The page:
In 2002, South Korea became the only Asian nation to make the World Cup tournament's semifinal round of four after a foreigner—Guus Hiddink, a Dutch coach—squashed cronyism and rewarded players on talent. "They couldn't have made a successful team under the old Korean leadership, said Choe Yong Ho, a University of Hawaii emeritus history professor, at the time.
South Korea's aviation industry has brought in new blood, too. After the crashes during the '80s, Western pilots were hired to bring in fresh blood and ideas. But a culture shift did not come for a fatal 1997 Korean Air flight.
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Flight to Guam
The most recent crash involving a South Korean carrier was in 1997, when a Korean Air 747 slammed into a hill while approaching the airport in Guam, killing 225 people and later prompting a downgrade of South Korea's aviation rating by the U.S. Federal Aviation Administration to category 2.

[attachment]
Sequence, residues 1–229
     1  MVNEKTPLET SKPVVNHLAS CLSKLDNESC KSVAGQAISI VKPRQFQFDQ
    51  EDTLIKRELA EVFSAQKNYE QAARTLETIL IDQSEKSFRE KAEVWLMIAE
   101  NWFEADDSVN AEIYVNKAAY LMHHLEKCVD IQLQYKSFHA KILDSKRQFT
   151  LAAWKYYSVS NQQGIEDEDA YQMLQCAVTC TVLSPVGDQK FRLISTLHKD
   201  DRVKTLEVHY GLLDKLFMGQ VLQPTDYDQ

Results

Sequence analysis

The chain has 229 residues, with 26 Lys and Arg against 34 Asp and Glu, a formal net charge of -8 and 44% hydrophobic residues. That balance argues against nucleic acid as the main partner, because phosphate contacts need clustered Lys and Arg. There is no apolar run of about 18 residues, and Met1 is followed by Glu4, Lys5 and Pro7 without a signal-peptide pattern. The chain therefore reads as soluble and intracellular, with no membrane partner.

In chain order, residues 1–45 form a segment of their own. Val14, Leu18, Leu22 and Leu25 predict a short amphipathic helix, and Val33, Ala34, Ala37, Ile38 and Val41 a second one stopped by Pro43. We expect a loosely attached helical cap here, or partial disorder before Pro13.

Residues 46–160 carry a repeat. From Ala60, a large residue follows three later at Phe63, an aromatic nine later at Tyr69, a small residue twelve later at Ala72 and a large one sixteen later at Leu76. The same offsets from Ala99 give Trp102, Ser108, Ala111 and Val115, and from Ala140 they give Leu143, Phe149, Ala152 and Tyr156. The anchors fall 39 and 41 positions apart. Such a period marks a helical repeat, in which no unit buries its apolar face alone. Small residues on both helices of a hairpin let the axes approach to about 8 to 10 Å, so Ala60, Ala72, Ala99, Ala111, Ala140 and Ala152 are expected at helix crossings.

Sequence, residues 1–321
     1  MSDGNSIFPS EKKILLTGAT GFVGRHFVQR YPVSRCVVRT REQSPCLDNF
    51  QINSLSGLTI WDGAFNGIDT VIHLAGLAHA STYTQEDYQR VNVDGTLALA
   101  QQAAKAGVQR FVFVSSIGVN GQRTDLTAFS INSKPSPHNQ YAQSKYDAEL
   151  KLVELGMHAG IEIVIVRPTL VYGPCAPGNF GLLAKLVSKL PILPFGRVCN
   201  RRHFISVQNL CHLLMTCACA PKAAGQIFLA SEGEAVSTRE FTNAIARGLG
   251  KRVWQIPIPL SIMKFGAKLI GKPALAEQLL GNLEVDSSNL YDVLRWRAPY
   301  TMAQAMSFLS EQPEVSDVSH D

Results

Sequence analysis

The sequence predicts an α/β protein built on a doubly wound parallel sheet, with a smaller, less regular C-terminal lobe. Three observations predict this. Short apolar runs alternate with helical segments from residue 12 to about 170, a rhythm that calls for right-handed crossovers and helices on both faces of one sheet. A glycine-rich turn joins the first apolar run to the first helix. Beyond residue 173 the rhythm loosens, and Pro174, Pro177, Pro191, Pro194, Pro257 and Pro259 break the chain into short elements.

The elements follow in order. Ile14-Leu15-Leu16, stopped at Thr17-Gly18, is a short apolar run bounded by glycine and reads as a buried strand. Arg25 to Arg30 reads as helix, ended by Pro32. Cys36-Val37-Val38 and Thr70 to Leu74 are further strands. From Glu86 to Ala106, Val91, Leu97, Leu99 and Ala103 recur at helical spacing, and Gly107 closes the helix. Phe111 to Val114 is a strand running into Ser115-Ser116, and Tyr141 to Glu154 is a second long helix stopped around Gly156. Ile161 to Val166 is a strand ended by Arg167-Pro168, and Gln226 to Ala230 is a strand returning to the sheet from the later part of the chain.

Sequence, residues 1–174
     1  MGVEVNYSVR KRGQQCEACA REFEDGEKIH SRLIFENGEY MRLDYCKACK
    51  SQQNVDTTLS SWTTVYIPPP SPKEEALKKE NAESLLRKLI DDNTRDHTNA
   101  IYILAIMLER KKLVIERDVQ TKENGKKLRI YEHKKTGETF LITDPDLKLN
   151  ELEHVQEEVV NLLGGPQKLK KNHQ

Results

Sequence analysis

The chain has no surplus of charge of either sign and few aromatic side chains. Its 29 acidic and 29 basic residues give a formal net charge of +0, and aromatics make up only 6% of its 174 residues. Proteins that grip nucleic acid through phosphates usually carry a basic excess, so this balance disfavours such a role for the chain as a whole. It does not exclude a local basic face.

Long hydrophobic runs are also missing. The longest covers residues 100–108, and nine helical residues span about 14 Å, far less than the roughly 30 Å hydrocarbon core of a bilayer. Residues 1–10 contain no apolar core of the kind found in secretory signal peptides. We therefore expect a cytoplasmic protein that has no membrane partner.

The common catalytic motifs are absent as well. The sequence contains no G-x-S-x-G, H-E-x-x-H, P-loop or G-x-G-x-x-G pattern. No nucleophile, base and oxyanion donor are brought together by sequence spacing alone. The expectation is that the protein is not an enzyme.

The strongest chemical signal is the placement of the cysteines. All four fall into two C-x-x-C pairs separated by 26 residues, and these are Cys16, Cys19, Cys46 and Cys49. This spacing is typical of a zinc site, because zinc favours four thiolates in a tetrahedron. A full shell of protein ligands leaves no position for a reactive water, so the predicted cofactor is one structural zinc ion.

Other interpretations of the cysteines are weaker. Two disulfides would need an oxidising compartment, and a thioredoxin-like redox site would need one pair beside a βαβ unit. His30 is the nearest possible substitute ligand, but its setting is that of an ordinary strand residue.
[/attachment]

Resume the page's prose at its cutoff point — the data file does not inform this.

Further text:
The rating was restored to Category 1 in December 2001, enabling Korean carriers to open new routes, which they were not allowed to do under the lower category.
In a chapter titled "The Ethnic Theory of Plane Crashes," author Malcolm Gladwell in "Outliers" dissects the flight recorder transcript of the final minutes of KAL Flight 801 between the captain and first officer. As the weather worsened among other factors, Gladwell argues culture influenced the way in which they communicated. The first officer politely referred to "weather radar"—instead of using a more direct, Western-style of communication, i.e., "there's trouble ahead, captain."